Meanwhile, the newly confirmed couple of Eleanor and Chidi go on a date. After Eleanor, having anxiety-perspired through her sweatshirt, tires of trying to bust through the unopenable door to the Good Place that Gwendolyn innocently shows them (the actual entrance is some 500 trillion miles away), Chidi tries to calm her down. First discarding the glass of possible water he’d brought her from a mysterious standing, glowing bowl of liquid (“That may have been a toilet”), Chidi plans a nice, romantic mailroom assignation, complete with available fruit, some rummaged champagne, and a mailman uniform that sends Eleanor into an unexpected crying fit. (“Is this horny crying?,” Chidi speculates, desperately.) Eleanor, as we recall, has a major thing for mailmen, and she dreamily claims that her “Mailmen From Heaven” calendar never “got past March.” (“Don’t,” Michael cuts her off before Eleanor can explain what that means.)
For the Eleanor-Chidi shippers out there, the idea of them choosing, finally, to be together in this reality could be a danger point, too, in the way of all will-they-won’t-they sitcom dynamics. But Kristen Bell and William Jackson Harper don’t really bear out those fears. Eleanor and Chidi are still Eleanor and Chidi—just changed by their shared experience. So Eleanor naturally takes the first unobserved moment to ineffectually whip a lamp at the Good Place door, while Chidi tries to calm her down by affectionately calling her, “Smashy.” Eleanor explains that breaking enough stuff until they throw you out is how she beats escape rooms all the time, and, referring to the supposed width of the door, pleads that they are merely “four Oreos from heaven.” (Anyone who can resist Chidi’s “Right now we’re together in heaven, basically, and we’re in love” is very different from me.) Picking up on Eleanor’s actual pain and desperation inside her hair-trigger Eleanor-ness, Chidi proposes they have their first real date, “four Oreos from heaven,” the formerly paralyzed ethical scarecrow turning the absurdity of their predicament into an irresistibly sweet and twinkly shrug. Complete with citations, naturally. He quotes Tolstoy’s adage, “There is only one time that is important—now. It is the only time when we have any power.” Sure, Eleanor only knows that one because of a meme on an unauthorized Tyra Banks Instagram feed, but the point stands, and works. This Chidi and this Eleanor might or might not be the soulmates that Michael once duplicitously claimed they were. But they’re a wonderful match, complete with some long-awaited furtive Good Place closet sex.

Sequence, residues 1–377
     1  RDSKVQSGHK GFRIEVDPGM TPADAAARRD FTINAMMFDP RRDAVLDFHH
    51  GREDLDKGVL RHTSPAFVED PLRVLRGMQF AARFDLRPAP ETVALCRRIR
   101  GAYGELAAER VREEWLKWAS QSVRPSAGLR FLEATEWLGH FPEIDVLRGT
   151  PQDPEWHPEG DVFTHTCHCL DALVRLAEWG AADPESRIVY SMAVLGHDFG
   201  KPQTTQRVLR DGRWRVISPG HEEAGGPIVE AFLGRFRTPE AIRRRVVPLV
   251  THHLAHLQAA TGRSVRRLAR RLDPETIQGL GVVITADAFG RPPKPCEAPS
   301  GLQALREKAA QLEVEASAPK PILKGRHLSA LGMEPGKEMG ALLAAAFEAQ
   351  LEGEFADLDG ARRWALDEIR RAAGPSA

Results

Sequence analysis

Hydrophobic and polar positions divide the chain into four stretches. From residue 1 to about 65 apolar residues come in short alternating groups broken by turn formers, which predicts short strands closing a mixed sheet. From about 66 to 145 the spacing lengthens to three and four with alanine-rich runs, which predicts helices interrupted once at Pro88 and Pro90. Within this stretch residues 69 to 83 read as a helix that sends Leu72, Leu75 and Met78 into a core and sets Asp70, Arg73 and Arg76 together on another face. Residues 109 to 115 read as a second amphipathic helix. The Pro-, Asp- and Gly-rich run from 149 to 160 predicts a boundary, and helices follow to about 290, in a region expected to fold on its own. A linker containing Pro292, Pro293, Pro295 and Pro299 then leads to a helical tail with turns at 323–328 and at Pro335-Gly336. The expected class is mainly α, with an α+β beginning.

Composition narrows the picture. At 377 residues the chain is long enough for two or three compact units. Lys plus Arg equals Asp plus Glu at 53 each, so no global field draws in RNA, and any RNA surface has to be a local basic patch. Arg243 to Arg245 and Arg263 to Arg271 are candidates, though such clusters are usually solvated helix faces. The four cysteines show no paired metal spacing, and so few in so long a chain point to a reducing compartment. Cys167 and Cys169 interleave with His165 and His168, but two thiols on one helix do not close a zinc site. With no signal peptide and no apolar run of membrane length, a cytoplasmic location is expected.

The storytelling tension reasserts itself when Tahani comes to the dejected Michael for advice. Rejecting Michael’s idea that all it takes to make Jason happy is a lollipop shaped like a Transformer, Tahani blurts out, in one of those tellingly highlighted statements designed to make our conspiracy antennae twitch, “There are so many unintended consequences to well-intentioned actions, it feels like a game you can’t win.” The alacrity with which Michael picks up those vibrations—and the Book Of Dougs—should make our antennae twitch even more. After all, Michael is holding onto the conviction that the real proof of the Bad Place hacking scandal is that Doug Forcett won’t get into the Good Place. Even though, as we’ve seen, poor Doug’s life of asceticism and pee-drinking is both only a desperate attempt to avoid personal damnation, and a moral exemplar only to those who wish to turn their existences into a panic-laden, groveling joke. Here again, Michael’s epiphany is deeply suspect.